Diabetes & Lifestyle

Nov 26, 2015


Doctors and medical professionals universally agree that a majority of their diabetes patients are not, or have not been, physically active.

“Lifestyle disorders” (as Type 2 Diabetes is fondly called) and chronic conditions usually develop due to a lack of physical activity over the years. Epigenetic intervention can help (significantly) in re-programming metabolism, insulin function, and hormonal regulation. Aerobic exercise (and an active schedule for 10-12 hours a day) can greatly alleviate symptoms.

Diabetes & Lifestyle – Dos and Don’ts

Do not:

  • Forget your medication.
  • Underplay symptoms. If your prescription drug is not working, or you face new symptoms (Type 2 D affects other organs as well), see your doctor immediately.
  • Look for instant fixes. Ignore all the “Magic” pills and drinks that claim to give instant results for curing diabetes.
  • Embrace all artificial sweeteners. Sucrose, levulose, fructose, etc., are all sugar molecules. For example, eating a “diabetic laddu” is all right for special occasions. However, long-lasting management of symptoms is key; so chuck those additional spoons of white sugar, sugar-coated pastries, and cookies.
  • Give up on ALL foods that you love.
  • Stop exercising once your doctor sees some improvement.
  • Give up when your doctor or you do not see some improvement.

  • Reduce overall sugar intake.
  • Switch to an active mode every day. Exercise regularly.
  • Educate yourself. Read more about different foods and their nutritional profile.
  • Get a new hobby (or go back to an old one) which alleviates stress levels.
  • Respect your body. It needs all the attention you can give! Set the right example for your family too.
  • Cook for yourself, whenever you can.
  • Everything above – in moderation!!

Diabetics’ “Pet peeves”

  • Exhaustion and/or fatigue.
  • Increased frequency of thirst and/or hunger.
  • Inability to stay away from the sweet stuff, “social” events

Fitness regimes can fix all of the above. Consistency in working out and staying in shape regulates feelings of hunger, satiety, response to cravings and more.  The longer your fitness plan, the stronger will be your resolve to follow healthy habits.

What’s the verdict?

Experts recommend aerobic activity of ~150 minutes per week and resistance training 2-3 times a week for optimal management of insulin sensitivity (classic sign of T2D) and glycemic control.

Prevent or manage diabetes better with exercise

  • Brisk walking (>=5-6 kmph) for the early birds and the ones who have dogs.
  • Running or bike-riding for those who like the adrenaline rush.
  • Muscle-conditioning (also known as strengthening) who wish to stay in shape while fighting diabetes (Pilates is a great way to do this). Increasing muscle mass helps burn more fat – for up to 24 hours before your next workout. Blood sugar levels also remain stabilized for longer.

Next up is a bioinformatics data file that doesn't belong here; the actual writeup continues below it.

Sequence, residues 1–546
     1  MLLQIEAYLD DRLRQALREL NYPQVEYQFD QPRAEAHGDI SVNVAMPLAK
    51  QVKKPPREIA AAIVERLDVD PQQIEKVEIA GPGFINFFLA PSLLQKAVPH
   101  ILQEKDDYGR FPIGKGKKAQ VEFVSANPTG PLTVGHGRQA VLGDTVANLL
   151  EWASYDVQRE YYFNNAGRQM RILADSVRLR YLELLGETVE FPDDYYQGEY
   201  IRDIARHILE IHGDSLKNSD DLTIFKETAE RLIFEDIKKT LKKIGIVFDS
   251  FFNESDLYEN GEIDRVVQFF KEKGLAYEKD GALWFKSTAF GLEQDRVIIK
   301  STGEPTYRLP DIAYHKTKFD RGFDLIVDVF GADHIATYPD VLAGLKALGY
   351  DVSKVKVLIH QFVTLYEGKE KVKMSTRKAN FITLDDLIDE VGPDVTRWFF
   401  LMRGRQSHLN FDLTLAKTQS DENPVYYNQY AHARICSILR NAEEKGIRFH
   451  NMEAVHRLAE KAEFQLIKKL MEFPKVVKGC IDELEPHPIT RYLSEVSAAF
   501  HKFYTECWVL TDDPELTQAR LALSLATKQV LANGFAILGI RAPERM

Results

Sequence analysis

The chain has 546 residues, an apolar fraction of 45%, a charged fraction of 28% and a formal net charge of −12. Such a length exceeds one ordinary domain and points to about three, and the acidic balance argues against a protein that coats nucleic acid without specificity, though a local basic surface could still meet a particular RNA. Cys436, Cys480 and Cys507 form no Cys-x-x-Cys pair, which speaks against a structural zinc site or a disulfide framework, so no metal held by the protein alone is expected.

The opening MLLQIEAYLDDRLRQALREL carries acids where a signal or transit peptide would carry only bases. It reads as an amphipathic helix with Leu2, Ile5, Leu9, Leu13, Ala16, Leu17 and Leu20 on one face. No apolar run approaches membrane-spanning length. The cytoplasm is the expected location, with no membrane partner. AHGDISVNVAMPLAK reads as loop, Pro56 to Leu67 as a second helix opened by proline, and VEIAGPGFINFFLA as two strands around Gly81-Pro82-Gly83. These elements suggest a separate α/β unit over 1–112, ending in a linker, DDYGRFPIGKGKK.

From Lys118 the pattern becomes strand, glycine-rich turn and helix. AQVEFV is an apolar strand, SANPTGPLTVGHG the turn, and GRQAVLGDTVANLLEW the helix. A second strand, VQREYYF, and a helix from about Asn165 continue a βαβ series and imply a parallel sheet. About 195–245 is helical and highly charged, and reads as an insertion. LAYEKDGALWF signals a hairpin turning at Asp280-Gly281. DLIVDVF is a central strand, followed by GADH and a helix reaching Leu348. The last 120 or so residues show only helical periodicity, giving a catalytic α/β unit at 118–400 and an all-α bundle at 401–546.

• Yoga for all, especially the ladies.
  • Hi-Intensity Interval Training (HiiT) for those who want a challenge.
  • Any sport (tennis, football, cricket, basketball, squash, martial arts) for the parents who want a better report card at the doctor’s. Or just skipping with your kid. Or Hopscotch. As long as you move, really.
  • Stair walking for those who work (or live) on the top floor.

SugarGene test can help you prevent & manage diabetes

SugarGene is a genetic test that gives the genetic predisposition to type 2 diabetes, risk factors, complications, treatment options, and nutrigenetics.

Diabetes Day Offer

A quick recap of why SugarGene is great for you

  • Prevent or delay the onset of type 2 diabetes.
  • Early detect diabetes, giving adequate time for corrective actions.
  • Ensure best-fit treatment by studying drug efficacy and sensitivity based on your genes.
  • Take measures to prevent other relevant metabolic conditions.
  • Fight obesity and ensure optimum fitness levels.
  • Get a genetic test that is easy on the pocket

About The Author

Rasika is the product specialist and scientific liaison for Mapmygenome’s personal genomics portfolio. With eight years of experience in sequencing, molecular biology, genetic data analysis and reporting, she currently works in the product team at Mapmygenome. Her key responsibilities include genomics product development, data curation, scientific content creation and management, data analysis and technical support for business development. Her key strength is a robust understanding of consumer genomics, including specialized areas such as pharmacogenomics, nutrigenomics and sports genomics. Rasika is also a certified group fitness trainer and Pilates (Balanced Body) Mat instructor.

Disclaimer: The information provided here is not exhaustive by any means. Always consult your doctor or other qualified healthcare provider with any questions you may have regarding a medical condition, procedure, or treatment, whether it is a prescription medication, over-the-counter drug, vitamin, supplement, or herbal alternative.